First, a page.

Newborn Infant and role of Vitamin K

American Academy of Pediatrics recommended the Intramuscular administration of vitamin K for the prevention of vitamin K deficiency bleeding (VKDB) as a standard of care in 1961. 

It recommends-

  1. Vitamin K administration to all newborn infants weighing >1500 g as a single, intramuscular dose of 1 mg within 6 hours of birth.
  2. Administering vitamin K dose of 0.3 mg/kg to 0.5 mg/kg as a single, intramuscular dose to preterm infants weighing ≤1500 g. However, a single intravenous dose of vitamin K for preterm infants should not be used as prophylaxis.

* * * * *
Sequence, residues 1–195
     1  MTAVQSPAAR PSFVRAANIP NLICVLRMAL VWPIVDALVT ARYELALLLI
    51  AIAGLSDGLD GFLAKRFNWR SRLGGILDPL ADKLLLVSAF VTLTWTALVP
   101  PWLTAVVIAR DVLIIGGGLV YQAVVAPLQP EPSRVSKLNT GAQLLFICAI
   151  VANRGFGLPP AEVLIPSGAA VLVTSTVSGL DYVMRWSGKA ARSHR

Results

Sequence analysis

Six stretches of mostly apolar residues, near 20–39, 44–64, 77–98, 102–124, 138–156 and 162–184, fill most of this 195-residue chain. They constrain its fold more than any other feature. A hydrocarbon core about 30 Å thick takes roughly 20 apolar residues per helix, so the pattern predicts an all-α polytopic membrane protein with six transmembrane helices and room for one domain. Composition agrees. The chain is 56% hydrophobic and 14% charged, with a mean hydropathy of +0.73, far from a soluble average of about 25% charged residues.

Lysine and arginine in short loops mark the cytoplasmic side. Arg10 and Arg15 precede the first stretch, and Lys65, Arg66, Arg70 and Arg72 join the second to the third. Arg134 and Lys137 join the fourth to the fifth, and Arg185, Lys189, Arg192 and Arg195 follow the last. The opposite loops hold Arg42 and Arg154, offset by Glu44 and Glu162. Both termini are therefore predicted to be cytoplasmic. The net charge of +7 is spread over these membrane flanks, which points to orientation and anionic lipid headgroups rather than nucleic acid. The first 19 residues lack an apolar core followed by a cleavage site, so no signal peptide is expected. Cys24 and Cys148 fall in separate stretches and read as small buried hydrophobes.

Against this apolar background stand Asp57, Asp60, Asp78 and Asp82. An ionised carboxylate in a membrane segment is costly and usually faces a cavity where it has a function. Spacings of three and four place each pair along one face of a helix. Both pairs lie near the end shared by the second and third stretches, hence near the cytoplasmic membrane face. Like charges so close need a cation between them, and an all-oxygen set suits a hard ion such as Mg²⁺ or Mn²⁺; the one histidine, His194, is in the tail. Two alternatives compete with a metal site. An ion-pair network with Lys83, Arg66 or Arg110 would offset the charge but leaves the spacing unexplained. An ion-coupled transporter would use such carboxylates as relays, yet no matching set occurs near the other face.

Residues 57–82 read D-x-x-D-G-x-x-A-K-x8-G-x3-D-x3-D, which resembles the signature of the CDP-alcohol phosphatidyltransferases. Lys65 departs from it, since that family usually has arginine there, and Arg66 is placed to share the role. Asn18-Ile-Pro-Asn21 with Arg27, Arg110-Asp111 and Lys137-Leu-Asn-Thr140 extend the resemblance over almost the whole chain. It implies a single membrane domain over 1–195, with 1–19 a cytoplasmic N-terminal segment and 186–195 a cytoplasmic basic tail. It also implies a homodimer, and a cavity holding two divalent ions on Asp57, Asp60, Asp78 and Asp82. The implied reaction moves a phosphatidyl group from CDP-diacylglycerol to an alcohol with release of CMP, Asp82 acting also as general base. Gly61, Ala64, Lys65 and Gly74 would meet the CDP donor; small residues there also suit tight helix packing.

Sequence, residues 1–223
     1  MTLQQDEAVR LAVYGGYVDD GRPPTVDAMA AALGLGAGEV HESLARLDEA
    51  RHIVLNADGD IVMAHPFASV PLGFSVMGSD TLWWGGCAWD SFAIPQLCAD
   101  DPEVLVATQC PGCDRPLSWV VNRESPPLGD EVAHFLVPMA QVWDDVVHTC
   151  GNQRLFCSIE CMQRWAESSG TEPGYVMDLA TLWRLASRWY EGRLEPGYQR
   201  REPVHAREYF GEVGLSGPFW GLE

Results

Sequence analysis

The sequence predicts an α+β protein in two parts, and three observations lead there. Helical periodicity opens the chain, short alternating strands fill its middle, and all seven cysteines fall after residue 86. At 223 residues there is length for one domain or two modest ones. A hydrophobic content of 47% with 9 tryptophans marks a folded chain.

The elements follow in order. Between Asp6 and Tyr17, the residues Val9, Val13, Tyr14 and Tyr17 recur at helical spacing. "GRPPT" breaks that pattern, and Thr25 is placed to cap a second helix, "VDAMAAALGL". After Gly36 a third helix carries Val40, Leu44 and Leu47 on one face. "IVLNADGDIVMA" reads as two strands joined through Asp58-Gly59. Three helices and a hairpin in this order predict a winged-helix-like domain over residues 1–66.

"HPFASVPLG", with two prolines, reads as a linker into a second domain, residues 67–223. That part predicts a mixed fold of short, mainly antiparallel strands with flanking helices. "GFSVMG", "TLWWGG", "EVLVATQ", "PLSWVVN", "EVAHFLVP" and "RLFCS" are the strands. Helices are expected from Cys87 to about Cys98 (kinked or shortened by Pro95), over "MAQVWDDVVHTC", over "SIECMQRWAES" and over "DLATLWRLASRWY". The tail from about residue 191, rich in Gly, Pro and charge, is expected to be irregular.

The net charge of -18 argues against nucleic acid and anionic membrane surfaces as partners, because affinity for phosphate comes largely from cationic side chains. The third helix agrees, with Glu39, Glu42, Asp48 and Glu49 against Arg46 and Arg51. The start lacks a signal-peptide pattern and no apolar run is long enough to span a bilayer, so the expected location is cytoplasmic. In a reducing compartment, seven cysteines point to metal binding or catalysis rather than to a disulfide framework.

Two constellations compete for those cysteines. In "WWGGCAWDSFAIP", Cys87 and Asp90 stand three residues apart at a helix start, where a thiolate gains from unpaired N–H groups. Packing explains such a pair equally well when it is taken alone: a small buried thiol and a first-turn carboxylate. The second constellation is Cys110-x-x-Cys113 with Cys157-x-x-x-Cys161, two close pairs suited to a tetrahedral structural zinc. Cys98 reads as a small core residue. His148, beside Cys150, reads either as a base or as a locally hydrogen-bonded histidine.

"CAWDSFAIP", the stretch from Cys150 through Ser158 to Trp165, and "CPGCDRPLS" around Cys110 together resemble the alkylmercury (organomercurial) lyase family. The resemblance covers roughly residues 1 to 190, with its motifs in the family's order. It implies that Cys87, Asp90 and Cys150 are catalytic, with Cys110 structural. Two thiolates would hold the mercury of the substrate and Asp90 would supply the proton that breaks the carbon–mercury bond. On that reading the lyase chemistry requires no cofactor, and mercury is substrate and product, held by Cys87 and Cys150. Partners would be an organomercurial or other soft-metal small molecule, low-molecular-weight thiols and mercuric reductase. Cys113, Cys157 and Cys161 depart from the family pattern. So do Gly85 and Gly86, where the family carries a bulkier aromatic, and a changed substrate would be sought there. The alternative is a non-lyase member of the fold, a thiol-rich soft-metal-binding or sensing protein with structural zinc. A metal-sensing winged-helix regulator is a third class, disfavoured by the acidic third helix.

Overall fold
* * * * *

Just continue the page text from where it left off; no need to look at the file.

3. Pediatricians and other health care providers must be aware of the benefits of vitamin K administration and the risks of refusal. Furthermore, they should convey this information to the infant’s caregivers.
  4. VKDB should be considered when assessing bleeding in the first 6 months of life, including infants who received prophylaxis, and particularly in exclusively breastfed infants.

Although VKDB can be successfully prevented with vitamin K administration, its incidence is continuously rising, which may be attributable to parental refusal as well as lowered efficacy of alternate methods of administration. 

Source: Hand I, Noble L, Abrams SA. Vitamin K and the Newborn Infant. Pediatrics,2022;149 (3): e2021056036. https://doi.org/10.1542/peds.2021-056036

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